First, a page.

I agree that a large amount of material does water down any potential meaning, but I feel this is due to the quality of the material. Comic book characters do represent a mythology due to the interaction we have with the symbology (especially in origin stories), but what follows is the same story, or stories, told over and over. Lessons can be found but are repeated until no great meaning is left, unlike Homer and the Bible which are more focused in this regard.
    At the other extreme I think soaps have a more subtle effect (unfortunately), and although I don’t think they will live on far beyond the life of the soap, soaps do have a mythology of characters with a continuous narrative which can be followed. The characters can be used to teach and learn from, but since this has been mixed in with a dose of “reality” for entertainment, it also highlights how you can get away with bad things, media at its worst (entertainment only). Soaps are socially acceptable, have a large following, and even involve new babies being named after characters. People grow up learning from these soaps, and even if a character has been leading to a nasty conclusion (getting away with it so far) if someone stops watching (listening) at this point they believe they can get away with socially bad behaviour, TV then ups that ante of realism, and so on.
    Sorry to rant, and I am aware this heads towards psychology but then so does anything else that impacts our awareness. The storytellers gave entertainment, heroes to look up to and emulate, but also promiscious gods and magic. Times have changed and we look for new things in new mythologies. Groups look for mythologies to give some meaning to life in various ways, they look for heroes, they look for magic and essentially hope (even though we have sacrificed to some extent a sense of meaning in the universe to gain a sense of control through Science).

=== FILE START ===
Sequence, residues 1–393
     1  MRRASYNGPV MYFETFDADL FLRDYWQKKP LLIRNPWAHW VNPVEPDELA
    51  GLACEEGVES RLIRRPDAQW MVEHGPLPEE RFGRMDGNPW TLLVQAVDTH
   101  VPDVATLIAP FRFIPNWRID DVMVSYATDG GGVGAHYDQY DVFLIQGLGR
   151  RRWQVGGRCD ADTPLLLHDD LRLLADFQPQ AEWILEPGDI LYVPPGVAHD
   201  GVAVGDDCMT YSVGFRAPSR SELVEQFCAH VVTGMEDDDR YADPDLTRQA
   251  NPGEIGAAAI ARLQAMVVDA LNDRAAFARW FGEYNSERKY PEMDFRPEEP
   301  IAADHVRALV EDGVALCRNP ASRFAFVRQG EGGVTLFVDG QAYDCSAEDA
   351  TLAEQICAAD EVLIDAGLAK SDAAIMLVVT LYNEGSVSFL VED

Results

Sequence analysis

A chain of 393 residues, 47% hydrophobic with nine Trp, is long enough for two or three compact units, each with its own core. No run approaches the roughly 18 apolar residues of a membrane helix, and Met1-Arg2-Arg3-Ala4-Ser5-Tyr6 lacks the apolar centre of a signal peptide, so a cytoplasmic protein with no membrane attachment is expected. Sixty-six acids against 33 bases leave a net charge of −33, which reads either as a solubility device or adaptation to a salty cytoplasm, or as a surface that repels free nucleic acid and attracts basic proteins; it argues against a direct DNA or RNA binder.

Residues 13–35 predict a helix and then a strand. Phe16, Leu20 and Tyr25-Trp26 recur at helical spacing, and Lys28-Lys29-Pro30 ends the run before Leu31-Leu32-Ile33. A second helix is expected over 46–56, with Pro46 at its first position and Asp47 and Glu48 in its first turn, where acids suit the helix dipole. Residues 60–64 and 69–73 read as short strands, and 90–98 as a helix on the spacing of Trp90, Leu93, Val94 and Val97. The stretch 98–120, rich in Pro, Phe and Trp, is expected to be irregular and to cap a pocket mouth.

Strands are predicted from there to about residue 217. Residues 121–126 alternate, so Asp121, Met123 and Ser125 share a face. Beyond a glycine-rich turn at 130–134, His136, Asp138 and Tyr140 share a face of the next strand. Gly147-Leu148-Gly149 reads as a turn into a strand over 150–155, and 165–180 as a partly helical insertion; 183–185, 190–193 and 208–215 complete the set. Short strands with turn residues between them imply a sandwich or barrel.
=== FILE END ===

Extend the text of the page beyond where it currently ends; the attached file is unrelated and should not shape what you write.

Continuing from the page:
Almost anything can become a living myth – and most will die soon after, but Jungs Archetypes will come in useful for finding timeless characters that people will look to to explain and define our life around us.
    (Sorry this kinda rambles around a little but hope you understand my points)

    • Feel free to ramble. If you’ve spent any time on this blog, you’ll see that I have a horrible habit of rambling despite sometimes fighting for brevity. Ideas need to get out, and I am incredibly interested in the comments people leave here.

      I appreciate your take on modern mythology. The modern take on mythology may be active searches for heroes and individuals to emulate. There’s a drive in individuals to look for role models, and their interactions (with supposedly inherent meanings) provide individuals with their own meaning. I hope I’m not straying from your point. And I agree that it turns toward psychology. That’s pretty much how I interpret the world, through the lens of a psychologist. It all goes back to drives and trying to find some meaning in the chaos of life. We look for patterns or seek familiarity for the purpose of not feeling lost in it all.

      Even though I’ve ended this series of posts, my mind does wander back to modern mythology every now and then. I know that modern mythology exists on a certain micro level, with everyone defining their lives based on the media they actively interpret. But what exists on a macro level? What defines that? Can I say Doctor Who, Twilight, Harry Potter, Lost, True Blood, Mad Men, etc.? Are these the modern myths? It’s so much easier to look backward and say Star Wars without hesitating, not to mention some aspects of Saturday Night Live (Coneheads, Blues Brothers, and Wayne’s World). I like your suggestion that soaps are an example of mythological stories, despite my misgivings about that form of media. If I can accept comics, then I definitely have to accept soaps because there is little difference save for specific tropes and the target audience. (This also opens things up to pro-wrestling, which is a can of worms that will be brutally attacked by hoity-toity literature enthusiasts at the drop of a hat.)